These are some basic terms that will help to distinguish between the various types of resources made available by the Library.
Full-Text: these resources contain the complete texts of documents (such as journal articles).
Bibliography: these resource contain citations for documents (as opposed to documents in full text). You will often be able to click the button in resources like this at UIUC, but you may have to find a print copy in the catalog or use Interlibrary Loan.
Primary Source and Secondary Source: a primary source is a subject of direct study, and a secondary source is scholarly work on a primary source.
Examples: the novel Jane Eyre is a primary source, but journal articles and books discussing Jane Eyre are secondary sources.
Reference Source: reference sources are more introductory in nature than secondary scholarship, but may cite useful secondary sources.
The first step to an effective database search is identifying keywords relevant to your topic. How do you find keywords? First, take a look at your chosen topic or thesis statement. Pick out the keywords and their synonyms that are central to your topic.
For example, the topic "The confluence of women and religion in the novels of James Baldwin" has the keywords of:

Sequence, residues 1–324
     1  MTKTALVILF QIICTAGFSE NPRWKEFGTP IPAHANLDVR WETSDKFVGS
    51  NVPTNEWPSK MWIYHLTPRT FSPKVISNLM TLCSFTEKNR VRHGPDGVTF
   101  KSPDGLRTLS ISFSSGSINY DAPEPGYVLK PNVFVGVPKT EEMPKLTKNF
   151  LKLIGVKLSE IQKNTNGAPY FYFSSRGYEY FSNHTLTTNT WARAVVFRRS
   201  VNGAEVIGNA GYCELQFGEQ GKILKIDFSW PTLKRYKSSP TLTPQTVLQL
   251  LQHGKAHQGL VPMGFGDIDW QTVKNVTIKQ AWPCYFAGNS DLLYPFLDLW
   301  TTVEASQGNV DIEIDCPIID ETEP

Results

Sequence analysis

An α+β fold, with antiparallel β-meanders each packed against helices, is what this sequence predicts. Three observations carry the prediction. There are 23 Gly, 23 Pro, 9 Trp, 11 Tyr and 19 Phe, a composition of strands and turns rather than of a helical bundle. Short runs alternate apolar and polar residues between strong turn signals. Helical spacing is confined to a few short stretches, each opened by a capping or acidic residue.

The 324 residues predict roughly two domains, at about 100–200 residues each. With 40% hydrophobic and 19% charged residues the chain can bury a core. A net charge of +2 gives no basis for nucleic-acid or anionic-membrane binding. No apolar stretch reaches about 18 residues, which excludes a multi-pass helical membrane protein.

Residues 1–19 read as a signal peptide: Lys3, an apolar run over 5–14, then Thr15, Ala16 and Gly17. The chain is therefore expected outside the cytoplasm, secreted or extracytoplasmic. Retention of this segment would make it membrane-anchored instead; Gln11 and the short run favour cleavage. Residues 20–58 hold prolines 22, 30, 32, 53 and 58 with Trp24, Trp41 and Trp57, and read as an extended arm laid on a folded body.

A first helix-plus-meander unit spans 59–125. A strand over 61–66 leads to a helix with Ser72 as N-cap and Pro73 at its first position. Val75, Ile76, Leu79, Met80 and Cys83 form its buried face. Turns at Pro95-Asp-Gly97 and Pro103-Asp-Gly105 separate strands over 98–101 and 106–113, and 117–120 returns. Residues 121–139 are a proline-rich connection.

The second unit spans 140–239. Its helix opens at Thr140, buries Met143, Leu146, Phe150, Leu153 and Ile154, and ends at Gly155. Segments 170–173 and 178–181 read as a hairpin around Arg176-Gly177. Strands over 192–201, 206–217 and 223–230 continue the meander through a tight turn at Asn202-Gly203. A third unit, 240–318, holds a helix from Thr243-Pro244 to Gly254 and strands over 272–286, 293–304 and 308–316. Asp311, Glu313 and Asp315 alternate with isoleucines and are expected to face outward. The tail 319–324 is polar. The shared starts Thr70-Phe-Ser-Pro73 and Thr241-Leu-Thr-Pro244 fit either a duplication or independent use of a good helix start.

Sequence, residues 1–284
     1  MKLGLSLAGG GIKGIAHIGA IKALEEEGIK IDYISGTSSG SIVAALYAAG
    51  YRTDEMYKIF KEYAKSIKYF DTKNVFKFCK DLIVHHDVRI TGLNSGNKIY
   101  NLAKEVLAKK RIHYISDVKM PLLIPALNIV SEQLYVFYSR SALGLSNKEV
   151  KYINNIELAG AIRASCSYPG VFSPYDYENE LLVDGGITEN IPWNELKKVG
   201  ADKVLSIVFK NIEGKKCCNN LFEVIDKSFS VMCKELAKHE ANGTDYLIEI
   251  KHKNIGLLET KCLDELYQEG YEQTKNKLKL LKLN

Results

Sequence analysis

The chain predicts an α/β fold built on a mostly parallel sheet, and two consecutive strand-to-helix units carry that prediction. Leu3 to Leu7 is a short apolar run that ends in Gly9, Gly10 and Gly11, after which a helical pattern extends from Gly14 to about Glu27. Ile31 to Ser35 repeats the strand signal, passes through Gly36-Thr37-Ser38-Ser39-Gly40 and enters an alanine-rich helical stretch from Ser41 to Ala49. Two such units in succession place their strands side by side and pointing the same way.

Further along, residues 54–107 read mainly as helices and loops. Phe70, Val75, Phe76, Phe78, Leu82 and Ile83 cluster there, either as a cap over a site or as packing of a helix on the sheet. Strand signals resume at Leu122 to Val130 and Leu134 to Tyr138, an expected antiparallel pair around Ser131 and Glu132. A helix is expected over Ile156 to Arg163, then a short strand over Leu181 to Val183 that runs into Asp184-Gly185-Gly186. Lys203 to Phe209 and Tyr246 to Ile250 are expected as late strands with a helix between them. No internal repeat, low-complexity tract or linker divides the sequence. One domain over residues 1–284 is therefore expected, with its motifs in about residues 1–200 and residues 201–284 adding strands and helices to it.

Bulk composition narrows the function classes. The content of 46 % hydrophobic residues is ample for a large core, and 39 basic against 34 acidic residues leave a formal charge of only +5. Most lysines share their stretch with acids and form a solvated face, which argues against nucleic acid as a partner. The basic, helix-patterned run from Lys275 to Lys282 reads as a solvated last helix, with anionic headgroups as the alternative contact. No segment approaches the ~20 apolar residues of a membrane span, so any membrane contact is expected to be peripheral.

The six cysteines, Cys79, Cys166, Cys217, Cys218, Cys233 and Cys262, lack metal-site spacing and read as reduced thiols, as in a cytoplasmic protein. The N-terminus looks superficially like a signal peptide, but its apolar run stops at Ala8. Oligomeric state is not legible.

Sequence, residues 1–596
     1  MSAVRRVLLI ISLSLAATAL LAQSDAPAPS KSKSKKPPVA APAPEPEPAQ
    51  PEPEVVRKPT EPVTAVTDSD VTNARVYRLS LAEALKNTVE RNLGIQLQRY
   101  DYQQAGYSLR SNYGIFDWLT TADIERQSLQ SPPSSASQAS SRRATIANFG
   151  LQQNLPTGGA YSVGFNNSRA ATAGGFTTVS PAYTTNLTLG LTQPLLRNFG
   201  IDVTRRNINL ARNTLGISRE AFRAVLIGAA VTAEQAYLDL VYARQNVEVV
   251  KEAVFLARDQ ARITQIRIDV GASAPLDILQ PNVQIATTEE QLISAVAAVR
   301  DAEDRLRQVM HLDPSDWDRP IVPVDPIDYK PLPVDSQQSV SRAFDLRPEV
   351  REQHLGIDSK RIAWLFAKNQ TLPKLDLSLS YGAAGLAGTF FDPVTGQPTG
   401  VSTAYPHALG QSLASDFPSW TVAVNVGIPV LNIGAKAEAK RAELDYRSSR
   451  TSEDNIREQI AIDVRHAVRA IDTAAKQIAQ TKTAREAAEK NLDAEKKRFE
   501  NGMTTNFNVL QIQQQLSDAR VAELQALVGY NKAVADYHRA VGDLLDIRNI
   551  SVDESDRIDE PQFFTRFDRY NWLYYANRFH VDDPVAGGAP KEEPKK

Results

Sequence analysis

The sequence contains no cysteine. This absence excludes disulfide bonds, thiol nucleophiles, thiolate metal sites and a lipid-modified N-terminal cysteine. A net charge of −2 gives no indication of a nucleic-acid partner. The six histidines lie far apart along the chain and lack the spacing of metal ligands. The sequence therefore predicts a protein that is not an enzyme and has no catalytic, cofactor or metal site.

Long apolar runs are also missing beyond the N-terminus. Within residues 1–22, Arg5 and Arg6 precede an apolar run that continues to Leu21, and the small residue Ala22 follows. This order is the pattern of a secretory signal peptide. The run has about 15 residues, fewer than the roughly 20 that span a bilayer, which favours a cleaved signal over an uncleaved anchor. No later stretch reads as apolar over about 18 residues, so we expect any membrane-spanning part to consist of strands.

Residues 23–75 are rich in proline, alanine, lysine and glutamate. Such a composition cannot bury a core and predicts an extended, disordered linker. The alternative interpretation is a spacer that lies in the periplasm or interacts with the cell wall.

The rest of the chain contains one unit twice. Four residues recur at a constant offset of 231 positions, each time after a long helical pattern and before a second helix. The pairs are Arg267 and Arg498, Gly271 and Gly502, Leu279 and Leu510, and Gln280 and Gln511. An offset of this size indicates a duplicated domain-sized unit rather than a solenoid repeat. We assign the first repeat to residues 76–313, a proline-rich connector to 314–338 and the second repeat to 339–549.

- James Baldwin
- religion/Christianity/African-American church
With these keywords, you can begin searching databases such as MLA Bibliography, Literature Resource Center, and ABELL for research articles (or secondary sources) to support your topic.
When you search a database, you may see multiple text boxes, like in this search screen from MLA Bibliography:
This type of search is called BOOLEAN searching: it simply involves combining two or more terms together with the conjunctions AND, OR, NOT. Using BOOLEAN searching is a simple but powerful way to find specific materials related to your topic. Each conjunction can expand or narrow your search. Here's an example with a group of shapes:
What happens when we use Boolean searching with these shapes?
AND: When you search with "AND," the results must match all of the search terms. So if we search for "square" AND "yellow", the result is one matching item:
OR: When you search with "OR," the results must only match at least 1 of the search terms. So if we search for "square" OR "yellow," the result is multiple matches:
NOT: When you search with "NOT," the results must match the first term(s) but not the second. So if we search for "square" NOT "yellow", the result is two matching items:
As these examples show, Boolean searching can give you focused and varied results that help you sift through lots of material.